News

Macon’s community development director DuBose out

The director of Macon’s Economic and Community Development Department, Kevin DuBose, has resigned.

His last day as director is today, although he said he expects to continue working in an advisory capacity until early March. DuBose, who tendered his resignation Wednesday, said he hopes to stay in Macon and pursue other educational or professional opportunities.

He said given the changes in leadership that have occurred during his tenure — he has served under two mayors and two city councils since starting work in 2005 — now is a good time to leave. DuBose, 39, said Mayor Robert Reichert needs a strong adviser who can help to guide him through the large, looming issues on the horizon, such as city-county consolidation or how to orchestrate the redevelopment of downtown.

“I sort of feel like John the Baptist,” DuBose said. “Maybe I’m the one to bridge the gap, but not to take us there.”

He declined to say specifically whether Reichert had asked him to leave.

“I don’t think it’d be fair to me or anyone else to go there,” he said. “I will say I strongly believe it’s not about any one person. It’s about these great challenges we have.”

Once DuBose expressed an interest in pursuing other options, Reichert said he thought it was appropriate for him to go ahead and step down.

“But no hard feelings,” the mayor said. “No hard feelings at all.”

The mayor praised DuBose for his work in getting affordable housing built in Fort Hill and helping to keep the Beall’s Hill redevelopment project on track when it encountered turbulence in recent years.

DuBose also played a key role in the effort to rebuild intown neighborhoods along the College Hill Corridor, advocated new financing options for development projects and rebuilt and reorganized the leadership staff within his department. And among ECD’s chief responsibilities is administering millions of dollars in federal money that is distributed to cities annually for a wide range of housing projects and community programs.

But Reichert indicated that not everything was going as top city officials wished.

“To be candid, the chief administrative officer has been talking to him about some changes that need to be made in the department and some deficiencies in the department,” the mayor said.

ECD has been cited for the past three years by Macon’s auditor for maintaining a portfolio that recorded incorrect interest rates for home and business loans the department has made.

This has kept the city from determining the actual balance of the funds or making allowance for loan losses or interest earned.

The practices that led to that problem originated nearly 20 years before DuBose began working for the city, but as recently as this week officials have expressed frustration that it was not fixed once auditors pointed it out.

“Whether it had anything to do with his decision (to leave) or not, I don’t know,” Reichert said.

Councilman Erick Erickson earlier this week had complained rather vocally during a meeting that Reichert has been too lenient on department heads. After three years of audit findings in ECD, he said Thursday, this was an instance where a correction needed to be made.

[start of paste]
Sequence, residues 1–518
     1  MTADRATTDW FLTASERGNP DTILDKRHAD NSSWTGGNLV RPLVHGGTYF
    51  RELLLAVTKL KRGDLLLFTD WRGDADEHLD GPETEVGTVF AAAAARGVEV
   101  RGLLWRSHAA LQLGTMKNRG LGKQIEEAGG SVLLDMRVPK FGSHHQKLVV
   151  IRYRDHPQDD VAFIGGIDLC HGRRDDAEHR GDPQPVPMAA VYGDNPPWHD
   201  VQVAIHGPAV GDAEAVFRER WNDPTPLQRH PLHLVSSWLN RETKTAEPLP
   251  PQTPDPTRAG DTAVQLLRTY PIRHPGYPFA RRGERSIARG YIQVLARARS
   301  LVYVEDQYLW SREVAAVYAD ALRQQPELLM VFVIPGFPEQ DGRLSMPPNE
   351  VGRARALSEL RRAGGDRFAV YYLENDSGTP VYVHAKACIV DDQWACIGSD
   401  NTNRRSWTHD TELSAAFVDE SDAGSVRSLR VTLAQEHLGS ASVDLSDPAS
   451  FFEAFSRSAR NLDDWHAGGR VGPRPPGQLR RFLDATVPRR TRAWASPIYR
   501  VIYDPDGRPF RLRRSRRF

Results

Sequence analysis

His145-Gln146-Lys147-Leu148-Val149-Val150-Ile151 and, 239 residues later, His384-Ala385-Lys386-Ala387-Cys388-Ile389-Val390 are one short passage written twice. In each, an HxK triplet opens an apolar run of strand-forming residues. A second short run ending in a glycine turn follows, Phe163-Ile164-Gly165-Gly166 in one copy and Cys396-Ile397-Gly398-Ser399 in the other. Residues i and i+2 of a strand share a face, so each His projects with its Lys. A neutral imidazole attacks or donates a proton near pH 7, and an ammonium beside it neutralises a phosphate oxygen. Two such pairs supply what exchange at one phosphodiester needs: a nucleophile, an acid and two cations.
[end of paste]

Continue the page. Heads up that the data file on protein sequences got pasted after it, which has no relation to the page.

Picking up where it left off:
Erickson spoke highly of DuBose’s vision and forward thinking and said DuBose offered council members many strong ideas that they would not have otherwise thought about. But in the end, day-to-day management issues seemed to overwhelm DuBose, he said, and at some point it becomes too late to blame problems on bad practices committed by predecessors.

“I like Kevin, but I’m glad to see that the mayor is starting to hold department heads accountable for issues,” Erickson said. “I hope that the departments realize that the mayor and council mean business.”

DuBose did not dispute any part of the mayor’s account and said he remains a steadfast supporter of Reichert’s vision for the city.

He said he also thinks he accomplished what he set out to do when he came to Macon from Knoxville, Tenn. — serve with honor and competence. And he pointed out that his record has never been blemished by scandal.

“That’s the thing I’m most proud of,” DuBose said.

DuBose was in charge of community development programs for the city of Knoxville, and he had worked as a planner in Georgia’s Department of Community Affairs prior to coming to Macon.

Former Mayor Jack Ellis hired him when the previous ECD director, Chester Wheeler, stepped down in 2005 after serving 15 years in the position. Around the time Wheeler left, The Telegraph published a lengthy article noting that for the seven preceding years a Macon contractor had been the sole beneficiary of federal funds that ECD distributes for construction of affordable housing.

After DuBose departs, Wanzina Jackson, the department’s assistant director, will lead ECD on an interim basis, Reichert said. Macon will try to hire a permanent replacement as soon as possible, the mayor said.

One of the upcoming projects that ECD has taken the lead on is management of a more than $4 million neighborhood stabilization grant from the U.S. Department of Housing and Urban Development. Reichert said it’s crucial to have someone in place as that money is disbursed in the coming months.

Councilman Larry Schlesinger, whose Community Resources and Development Committee oversees ECD, said he is sorry to see DuBose leave.

“I am really going to miss his vision and leadership, which I think has really set the course for us over the next decade or so,” Schlesinger said.

To contact writer Matt Barnwell, call 744-4251.

  Comments